Homeless receive help in Kona
Debbi Sale lives under a makeshift shelter of tarps in Kona. She and her husband Vance cook on a one-burner stove and use public restrooms across the street. They live on Vance’s Social Security check and improvise the rest.
So the Sales were grateful for a couple of hot meals and the chance to get vision screening and new glasses at the Old Kona Airport events pavilion on Saturday.
“I’m totally blind in my right eye from cataracts,” said Debbi Sale, picking through a table of free clothing. “I have glasses but they’re the kind you buy for $10 at Longs.”
Some 35 volunteers registered and screened 70 people and served meals to well over 100 — most of them showing the wear of homelessness but others appearing to be better off.
Cindy Hall, leader of the Help Everyone Regardless of Outcome ministry, is on a first name basis with many of them. That’s because her work with Kona’s homeless puts her out on the street almost daily on “mission walks.” When the 73 pairs of glasses arrive in the mail, she’ll be on another walk, delivering them one by one to haunts where she knows the dispossessed dwell.
“We’re here to be of service to our brothers and sisters. We’re here to love our neighbors,” said Hall, who brought in food throughout the day, starting with a pancake and sausage breakfast.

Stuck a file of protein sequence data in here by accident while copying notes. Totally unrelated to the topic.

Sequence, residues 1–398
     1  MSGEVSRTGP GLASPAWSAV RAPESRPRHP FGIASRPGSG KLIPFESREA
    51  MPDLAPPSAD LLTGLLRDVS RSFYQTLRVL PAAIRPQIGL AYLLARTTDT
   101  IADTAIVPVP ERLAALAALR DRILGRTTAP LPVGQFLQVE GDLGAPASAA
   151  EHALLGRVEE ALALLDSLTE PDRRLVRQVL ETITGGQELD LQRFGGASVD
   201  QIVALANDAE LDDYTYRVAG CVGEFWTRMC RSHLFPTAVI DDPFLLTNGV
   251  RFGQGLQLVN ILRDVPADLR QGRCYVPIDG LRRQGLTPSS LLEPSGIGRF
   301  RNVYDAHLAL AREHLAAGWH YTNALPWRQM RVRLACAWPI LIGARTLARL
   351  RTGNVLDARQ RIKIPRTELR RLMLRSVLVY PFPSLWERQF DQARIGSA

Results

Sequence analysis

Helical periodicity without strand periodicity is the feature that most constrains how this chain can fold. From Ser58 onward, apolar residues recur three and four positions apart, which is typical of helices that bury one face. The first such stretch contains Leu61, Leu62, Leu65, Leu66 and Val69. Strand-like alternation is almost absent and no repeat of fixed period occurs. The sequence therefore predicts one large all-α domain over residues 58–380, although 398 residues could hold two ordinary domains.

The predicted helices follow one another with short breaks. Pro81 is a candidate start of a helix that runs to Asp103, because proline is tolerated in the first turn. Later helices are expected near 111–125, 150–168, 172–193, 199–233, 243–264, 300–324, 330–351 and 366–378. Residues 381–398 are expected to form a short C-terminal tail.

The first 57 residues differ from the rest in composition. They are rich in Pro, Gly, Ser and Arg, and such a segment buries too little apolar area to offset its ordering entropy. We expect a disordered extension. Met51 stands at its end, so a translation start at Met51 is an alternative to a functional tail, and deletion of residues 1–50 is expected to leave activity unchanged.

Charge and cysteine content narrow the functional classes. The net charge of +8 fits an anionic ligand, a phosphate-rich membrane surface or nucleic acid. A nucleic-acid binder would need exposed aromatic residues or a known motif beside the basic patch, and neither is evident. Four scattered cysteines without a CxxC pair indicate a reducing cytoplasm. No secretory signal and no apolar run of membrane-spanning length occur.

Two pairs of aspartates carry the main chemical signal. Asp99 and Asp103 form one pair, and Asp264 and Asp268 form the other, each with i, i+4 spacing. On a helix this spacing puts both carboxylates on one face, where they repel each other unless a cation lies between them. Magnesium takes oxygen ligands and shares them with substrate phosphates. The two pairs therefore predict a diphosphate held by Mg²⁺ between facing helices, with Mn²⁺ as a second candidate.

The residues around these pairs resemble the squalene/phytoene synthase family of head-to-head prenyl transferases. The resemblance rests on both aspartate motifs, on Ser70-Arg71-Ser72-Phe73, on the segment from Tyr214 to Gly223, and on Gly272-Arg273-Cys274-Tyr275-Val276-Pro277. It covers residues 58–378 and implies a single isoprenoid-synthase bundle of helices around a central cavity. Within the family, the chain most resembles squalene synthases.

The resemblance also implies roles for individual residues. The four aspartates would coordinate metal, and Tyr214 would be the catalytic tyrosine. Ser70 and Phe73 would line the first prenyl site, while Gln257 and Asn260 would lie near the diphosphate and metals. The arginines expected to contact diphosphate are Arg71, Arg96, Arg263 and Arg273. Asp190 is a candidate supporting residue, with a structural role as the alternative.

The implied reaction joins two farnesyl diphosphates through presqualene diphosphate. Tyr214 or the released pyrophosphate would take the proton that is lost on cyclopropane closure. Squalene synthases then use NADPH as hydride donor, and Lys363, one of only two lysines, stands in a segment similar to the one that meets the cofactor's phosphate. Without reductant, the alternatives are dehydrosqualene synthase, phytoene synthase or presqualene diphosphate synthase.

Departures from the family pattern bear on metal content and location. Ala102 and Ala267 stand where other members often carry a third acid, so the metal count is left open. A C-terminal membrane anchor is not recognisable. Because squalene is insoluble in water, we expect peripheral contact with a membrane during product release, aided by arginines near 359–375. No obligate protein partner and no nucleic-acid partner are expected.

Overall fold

After receiving an eye exam, participants were able to order frames on an iPad. They were also able to get blood pressure and diabetes screening and a haircut. The event was a partnership between the Lutheran Church of the Holy Trinity in Kona and the Welcome Ministry from San Francisco. It was funded by a $2,500 grant from the Grace Family Foundation.
The cause of homelessness in Kona was of particular interest to founder Dick Grace because he’d witnessed the bombing of Pearl Harbor from a tree house on Oahu when he was a boy, said Pastor Megan Rohrer of the Welcome Ministry.
Rohrer, along with her mother, Peggy Heard, and grandmother, Darlene Audus, bathed the feet of the homeless at a washing station. The three generations, all from the mainland, also applied lotion to the often cracked and ragged feet.
“You can get everything. Food, haircut. These people are good. They take care of everybody on the street,” said Freddie Winkle, sitting on the lawn outside the pavilion.
Ophthamologist Susan Senft of Island Eye Care administered the eye exams with the help of an assistant.
“What could be better than helping people see?” said Eloise Schafer, a volunteer with the Lutheran Church who helped organize a table of free essentials — detergent, razors, Band-Aids, shampoo and other toiletries.
“Imagine if you can’t even see people smile at you,” Schafer said.
A homeless man who wished to be identified only as Nick chowed down on a plate of teriyaki beef and cabbage salad. He recently got 26 stitches in his scalp after falling off a rock wall he was trying to climb.
“I lost my wife and job,” he said. “Since then I’ve just been drifting. I went up to Alaska but I got tired of the snow. I was working for Vets Helping Vets making $40 a day.”
He’s been waiting for veterans assistance for housing for two years now.
“The hardest thing,” he said, “is getting out of the homeless situation.”
Email Bret Yager at email@example.com.
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